§18. Accordingly, when inspired writers on this matter speak of Him as eating and being born, understand [Compare Orat. iii. 31.] that the body, as body, was born, and sustained with food corresponding to its nature, while God, the Word Himself, Who was united with the body, while ordering all things, also by the works He did in the body showed Himself to be not man, but God the Word. But these things are said of Him, because the actual body which ate, was born, and suffered, belonged to none other but to the Lord: and because, having become man, it was proper for these things to be predicated of Him as man, to show Him to have a body in truth, and not in seeming. 2. But just as from these things He was known to be bodily present, so from the works He did in the body He made Himself known to be Son of God. Whence also He cried to the unbelieving Jews; “If [John x. 37, sq.] I do not the works of My Father, believe Me not. But if I do them, though ye believe not Me, believe My works; that ye may know and understand that the Father is in Me, and I in the Father.” 3. For just as, though invisible, He is known through the works of creation; so, having become man, and being in the body unseen, it may be known from His works that He Who can do these is not man, but the Power and Word of God. 4. For His charging evil spirits, and their being driven forth, this deed is not of man, but of God. Or who that saw Him healing the diseases to which the human race is subject, can still think Him man and not God? For He cleansed lepers, made lame men to walk, opened the hearing of deaf men, made blind men to see again, and in a word drove away from men all diseases and infirmities: from which acts it was possible even for the most ordinary observer to see His Godhead. For who that saw Him give back [Cf. 49. 2.] what was deficient to men born lacking, and open the eyes of the man blind from his birth, would have failed to perceive that the nature of men was subject to Him, and that He was its Artificer and Maker? For He that gave back that which the man from his birth had not, must be, it is surely evident, the Lord also of men’s natural birth. 5. Therefore, even to begin with, when He was descending to us, He fashioned His body for Himself from a Virgin, thus to afford to all no small proof of His Godhead, in that He Who formed this is also Maker of everything else as well. For who, seeing a body proceeding forth from a Virgin alone without man, can fail to infer that He Who appears in it is Maker and Lord of other bodies also? 6. Or who, seeing the substance of water changed and transformed into wine, fails to perceive that He Who did this is Lord and Creator of the substance of all waters? For to this end He went upon the sea also as its Master, and walked as on dry land, to afford evidence to them that saw it of His lordship over all things. And in feeding so vast a multitude on little, and of His own self yielding abundance where none was, so that from five loaves five thousand had enough, and left so much again over, did He show Himself to be any other than the very Lord Whose Providence is over all things?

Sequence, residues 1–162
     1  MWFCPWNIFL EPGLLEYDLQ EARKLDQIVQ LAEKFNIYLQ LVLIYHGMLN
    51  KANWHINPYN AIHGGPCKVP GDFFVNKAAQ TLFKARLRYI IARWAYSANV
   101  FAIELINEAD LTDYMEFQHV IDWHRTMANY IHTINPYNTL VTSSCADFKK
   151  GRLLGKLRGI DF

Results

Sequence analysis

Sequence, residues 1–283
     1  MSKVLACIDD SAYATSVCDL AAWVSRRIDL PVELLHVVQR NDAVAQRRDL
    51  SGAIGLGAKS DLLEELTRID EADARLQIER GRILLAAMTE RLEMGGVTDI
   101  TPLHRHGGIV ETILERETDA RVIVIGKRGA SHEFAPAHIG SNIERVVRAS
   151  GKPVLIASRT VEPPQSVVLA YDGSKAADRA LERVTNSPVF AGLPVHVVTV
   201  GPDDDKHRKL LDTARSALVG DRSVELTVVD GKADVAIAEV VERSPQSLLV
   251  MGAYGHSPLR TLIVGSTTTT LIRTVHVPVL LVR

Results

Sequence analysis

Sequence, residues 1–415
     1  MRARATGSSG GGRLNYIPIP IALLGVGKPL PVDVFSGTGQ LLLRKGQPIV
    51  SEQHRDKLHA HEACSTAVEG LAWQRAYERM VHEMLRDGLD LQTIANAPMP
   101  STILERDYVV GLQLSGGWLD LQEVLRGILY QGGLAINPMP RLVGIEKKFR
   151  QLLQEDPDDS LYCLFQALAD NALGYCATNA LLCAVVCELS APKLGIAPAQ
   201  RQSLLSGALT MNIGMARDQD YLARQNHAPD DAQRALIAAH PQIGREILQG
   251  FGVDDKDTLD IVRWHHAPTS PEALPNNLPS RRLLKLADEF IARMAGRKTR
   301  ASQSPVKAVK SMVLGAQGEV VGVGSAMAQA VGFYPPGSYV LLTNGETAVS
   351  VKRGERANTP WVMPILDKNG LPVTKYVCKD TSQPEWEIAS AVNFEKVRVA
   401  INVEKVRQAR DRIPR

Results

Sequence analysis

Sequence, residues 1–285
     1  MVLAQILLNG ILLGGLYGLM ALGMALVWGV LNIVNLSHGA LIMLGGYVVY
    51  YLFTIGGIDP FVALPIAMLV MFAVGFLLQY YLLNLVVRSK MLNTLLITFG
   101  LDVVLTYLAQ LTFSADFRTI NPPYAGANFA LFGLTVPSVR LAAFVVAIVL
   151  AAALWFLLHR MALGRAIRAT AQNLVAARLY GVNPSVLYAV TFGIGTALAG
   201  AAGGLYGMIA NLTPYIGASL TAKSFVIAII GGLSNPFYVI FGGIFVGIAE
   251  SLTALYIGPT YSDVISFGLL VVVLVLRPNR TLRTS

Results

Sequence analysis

§19. But all this it seemed well for the Savior to do; that since men had failed to know His Providence, revealed in the Universe, and had failed to perceive His Godhead shown in creation, they might at any rate from the works of His body recover their sight, and through Him receive an idea of the knowledge of the Father, inferring, as I said before, from particular cases His Providence over the whole. 2. For who that saw His power over evil spirits, or who that saw the evil spirits confess that He was their Lord, will hold his mind any longer in doubt whether this be the Son and Wisdom and Power of God? 3. For He made even the creation break silence: in that even at His death, marvellous to relate, or rather at His actual trophy over death—the Cross I mean—all creation was confessing that He that was made manifest and suffered in the body was not man merely, but the Son of God and Savior of all. For the sun hid His face, and the earth quaked and the mountains were rent: all men were awed. Now these things showed that Christ on the Cross was God, while all creation was His slave, and was witnessing by its fear to its Master’s presence. Thus, then, God the Word showed Himself to men by His works. But our next step must be to recount and speak of the end of His bodily life and course, and of the nature of the death of His body; especially as this is the sum of our faith, and all men without exception are full of it: so that you may know that no whit the less from this also Christ is known to be God and the Son of God.